Many businesses are attracted by the savings that offshore outsourcing can offer. Re-locating their ancillary services, like customer service, to a contact centre in the Philippines can free leadership and management capacity and be a lot cheaper than providing in-house services.
Typically, offshore outsourcing will save around 40–50% compared to an in-house or onshore outsourced operation. But having taken that decision, why not look for further savings? After all, it’s possible to save 50%, why not a few per cent more, with such a big saving already, an extra 10% or 20% can’t make that much difference, can it?
“It’s a mistake that is often made by businesses when they are looking to outsource,” says Ralf Ellspermann, CEO of PITON-Global, a leading call centre in the Philippines. And there are many low-cost providers who are keen to encourage it by offering those tempting deals. But why should they be avoided?
The 40–50% saving figure is frequently quoted because it represents a tipping point in the balance between savings and quality. Exactly where the balance lies will vary depending on factors like the contract requirement or exchange rates. However, contact centres in the Philippines operate in a highly competitive environment: over 800 of them are looking for business. But that also means that when there is a broad consensus on pricing, it’s there for a reason.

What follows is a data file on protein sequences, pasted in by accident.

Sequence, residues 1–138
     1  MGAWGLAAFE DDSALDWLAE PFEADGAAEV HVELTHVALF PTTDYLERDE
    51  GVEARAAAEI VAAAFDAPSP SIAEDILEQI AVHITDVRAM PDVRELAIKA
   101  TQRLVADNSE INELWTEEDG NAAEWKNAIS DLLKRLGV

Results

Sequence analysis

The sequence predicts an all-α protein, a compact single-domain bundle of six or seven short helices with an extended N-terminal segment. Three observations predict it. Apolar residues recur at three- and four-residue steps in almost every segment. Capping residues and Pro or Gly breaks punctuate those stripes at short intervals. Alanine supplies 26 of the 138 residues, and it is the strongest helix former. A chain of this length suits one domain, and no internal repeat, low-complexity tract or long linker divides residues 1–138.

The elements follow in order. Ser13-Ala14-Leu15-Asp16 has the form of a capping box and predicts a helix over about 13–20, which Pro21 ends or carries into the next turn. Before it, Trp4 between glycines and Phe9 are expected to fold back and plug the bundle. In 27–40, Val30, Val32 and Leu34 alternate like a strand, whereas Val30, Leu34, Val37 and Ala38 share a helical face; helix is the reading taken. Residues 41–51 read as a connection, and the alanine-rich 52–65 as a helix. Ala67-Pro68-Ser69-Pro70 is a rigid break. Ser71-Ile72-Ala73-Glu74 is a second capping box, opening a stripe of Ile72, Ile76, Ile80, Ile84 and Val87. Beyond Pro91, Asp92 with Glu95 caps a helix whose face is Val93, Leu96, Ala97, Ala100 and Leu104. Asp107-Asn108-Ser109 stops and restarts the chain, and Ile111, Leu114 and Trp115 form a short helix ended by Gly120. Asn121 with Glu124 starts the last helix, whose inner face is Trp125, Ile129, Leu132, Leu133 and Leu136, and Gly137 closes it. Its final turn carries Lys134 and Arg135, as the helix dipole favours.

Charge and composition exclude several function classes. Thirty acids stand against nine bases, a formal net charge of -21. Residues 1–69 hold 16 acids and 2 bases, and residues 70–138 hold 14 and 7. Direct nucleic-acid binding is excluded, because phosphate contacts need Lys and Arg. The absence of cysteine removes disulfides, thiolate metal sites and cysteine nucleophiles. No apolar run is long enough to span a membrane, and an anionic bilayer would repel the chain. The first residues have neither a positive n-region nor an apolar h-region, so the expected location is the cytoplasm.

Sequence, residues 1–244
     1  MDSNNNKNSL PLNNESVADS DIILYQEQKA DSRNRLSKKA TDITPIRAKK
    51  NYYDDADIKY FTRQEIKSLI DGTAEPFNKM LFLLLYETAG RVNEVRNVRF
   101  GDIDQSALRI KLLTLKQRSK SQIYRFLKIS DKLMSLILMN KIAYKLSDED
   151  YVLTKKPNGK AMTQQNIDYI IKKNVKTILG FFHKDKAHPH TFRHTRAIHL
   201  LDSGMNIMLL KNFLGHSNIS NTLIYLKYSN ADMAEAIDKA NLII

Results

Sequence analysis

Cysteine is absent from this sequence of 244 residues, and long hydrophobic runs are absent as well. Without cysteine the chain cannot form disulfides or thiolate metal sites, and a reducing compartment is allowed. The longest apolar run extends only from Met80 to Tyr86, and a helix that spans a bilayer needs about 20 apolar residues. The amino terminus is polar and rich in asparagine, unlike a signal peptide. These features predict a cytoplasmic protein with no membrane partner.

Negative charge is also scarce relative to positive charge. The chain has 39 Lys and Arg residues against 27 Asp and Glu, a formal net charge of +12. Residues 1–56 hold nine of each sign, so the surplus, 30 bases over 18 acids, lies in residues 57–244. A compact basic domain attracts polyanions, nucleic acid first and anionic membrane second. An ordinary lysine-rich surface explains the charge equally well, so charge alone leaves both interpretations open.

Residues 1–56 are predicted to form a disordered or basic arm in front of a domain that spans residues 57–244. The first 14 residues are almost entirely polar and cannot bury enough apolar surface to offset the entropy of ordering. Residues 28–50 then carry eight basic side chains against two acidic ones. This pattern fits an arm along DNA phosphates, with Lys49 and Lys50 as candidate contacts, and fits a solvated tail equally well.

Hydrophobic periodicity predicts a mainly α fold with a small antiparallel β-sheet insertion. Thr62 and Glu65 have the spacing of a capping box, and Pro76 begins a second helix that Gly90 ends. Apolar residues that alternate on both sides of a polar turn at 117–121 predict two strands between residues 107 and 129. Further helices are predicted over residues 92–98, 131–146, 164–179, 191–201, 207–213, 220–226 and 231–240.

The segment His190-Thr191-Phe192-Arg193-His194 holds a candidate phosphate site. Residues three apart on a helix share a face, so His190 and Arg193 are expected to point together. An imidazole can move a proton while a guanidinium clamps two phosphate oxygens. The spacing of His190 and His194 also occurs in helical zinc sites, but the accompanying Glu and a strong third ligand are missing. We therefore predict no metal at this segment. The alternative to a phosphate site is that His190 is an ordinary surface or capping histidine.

Contact centres can offer their savings because of several factors. First, they are highly efficient operations. They are specialist providers, so every aspect of their business is focused on that. Their HR, legal and finance functions, for example, only need to focus on one thing, whereas their clients might need HR specialists for a range of disciplines. They also operate from custom-built facilities and at scale. This means they can use their resource flexibly and efficiently, moving staff to meet changes in demand, for example, or making sure that their seats are in constant use as they service customers worldwide and around the clock.
But the biggest saving they offer is on staffing. Labour costs in the Philippines are low. But this does not mean that staff will work for less than they deserve. Premier providers will typically pay their agents a starting rate of around $6 (AUD) per hour, a good wage by Philippine standards, and enough to attract educated and highly fluent staff.
However, low-cost providers can typically only offer in the $4 (AUD) range. This simply is not enough to attract the country’s best agents. They may not have fluent English or lack the ability to exercise their discretion when talking to customers. And when around 70% of all contact center jobs are offering those higher salaries, the best and most competent call agents simply have no reason to work for the low budget providers.
“Low-cost providers are cheaper because they are employing lower skilled agents. And the consequences are predictable, they will have higher rates of complaints about communication and resolution difficulties, leading to falling customer satisfaction and retention. You might save a few dollars per hour with a low-cost contact centre in the Philippines but will pay a high price in the longer term,” explains Ellspermann.